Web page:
Advances in Materials Physics and Chemistry
Vol.3 No.4(2013), Article ID:36086,5 pages DOI:10.4236/ampc.2013.34031

Effect of Substrates on the Properties of ZnO Thin Films Grown by Pulsed Laser Deposition

Adel Taabouche1*, Abderrahmane Bouabellou1, Fouad Kermiche1, Faouzi Hanini1, Sarah Menakh1, Yacine Bouachiba1, Tahar Kerdja2, Chawki Benazzouz3, Mohamed Bouafia4, Saad Amara4

1Thin Films and Interfaces Laboratory, University of Constantine, Constantine, Algeria

2Advanced Technology Development Center (CDTA), Baba-Hassen, Algiers, Algeria

3Center CRNA, 2 Bd Franz Fanon, Algiers, Algeria

4Laboratory of Applied Optics, Ferhat Abbas University, Setif, Algeria

Email: *,,,,,,,,,

Copyright © 2013 Adel Taabouche et al. This is an open access article distributed under the Creative Commons Attribution License, which permits unrestricted use, distribution, and reproduction in any medium, provided the original work is properly cited.

Received February 20, 2013; revised March 22, 2013; accepted April 8, 2013

Keywords: ZnO; Thin Films; PLD; Silicon; X-Ray Diffraction; Optical Transmittance; RBS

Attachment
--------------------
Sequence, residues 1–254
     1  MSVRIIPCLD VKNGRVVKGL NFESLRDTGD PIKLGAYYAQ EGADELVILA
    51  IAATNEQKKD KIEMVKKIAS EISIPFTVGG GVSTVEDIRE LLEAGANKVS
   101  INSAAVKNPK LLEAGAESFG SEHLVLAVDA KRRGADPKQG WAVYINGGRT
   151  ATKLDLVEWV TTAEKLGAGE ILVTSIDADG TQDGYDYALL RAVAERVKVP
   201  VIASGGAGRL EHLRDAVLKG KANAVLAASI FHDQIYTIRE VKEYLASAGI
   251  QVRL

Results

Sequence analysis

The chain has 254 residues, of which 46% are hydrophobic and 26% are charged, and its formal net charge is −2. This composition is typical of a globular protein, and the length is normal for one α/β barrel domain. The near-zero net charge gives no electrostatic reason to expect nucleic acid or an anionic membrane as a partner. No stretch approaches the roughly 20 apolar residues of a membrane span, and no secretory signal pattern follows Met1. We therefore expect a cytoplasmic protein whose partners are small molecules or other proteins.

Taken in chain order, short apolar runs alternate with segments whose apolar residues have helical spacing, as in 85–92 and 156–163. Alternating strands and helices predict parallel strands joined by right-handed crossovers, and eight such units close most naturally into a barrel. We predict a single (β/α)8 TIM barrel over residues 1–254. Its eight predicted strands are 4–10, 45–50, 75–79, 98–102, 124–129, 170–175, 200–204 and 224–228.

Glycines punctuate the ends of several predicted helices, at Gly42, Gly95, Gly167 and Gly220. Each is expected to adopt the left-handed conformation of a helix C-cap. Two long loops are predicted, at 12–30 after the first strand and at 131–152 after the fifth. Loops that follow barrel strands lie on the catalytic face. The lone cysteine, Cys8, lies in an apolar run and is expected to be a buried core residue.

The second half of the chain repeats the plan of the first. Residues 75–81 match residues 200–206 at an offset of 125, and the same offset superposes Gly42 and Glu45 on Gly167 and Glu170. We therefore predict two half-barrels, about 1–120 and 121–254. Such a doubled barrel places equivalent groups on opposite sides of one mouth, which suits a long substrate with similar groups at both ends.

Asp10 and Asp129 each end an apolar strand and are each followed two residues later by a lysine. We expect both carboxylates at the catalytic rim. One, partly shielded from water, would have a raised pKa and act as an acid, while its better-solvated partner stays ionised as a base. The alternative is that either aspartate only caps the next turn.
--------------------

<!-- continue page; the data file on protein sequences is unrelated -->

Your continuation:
Polycrystalline zinc oxide (ZnO) thin films have been deposited at 450˚C onto glass and silicon substrates by pulsed laser deposition technique (PLD). The used source was a KrF excimer laser (248 nm, 25 ns, 5 Hz, 2 J/cm2). The effects of glass and silicon substrates on structural and optical properties of ZnO films have been investigated. X-ray diffraction patterns showed that ZnO films are polycrystalline with a hexagonal wurtzite—type structure with a strong (103) orientation and have a good crystallinity on monocrystalline Si(100) substrate. The thickness and compositional depth profile were studied by Rutherford Backscattering spectrometry (RBS). The average transmittance of ZnO films deposited on glass substrate in the visible range is 70%.

1. Introduction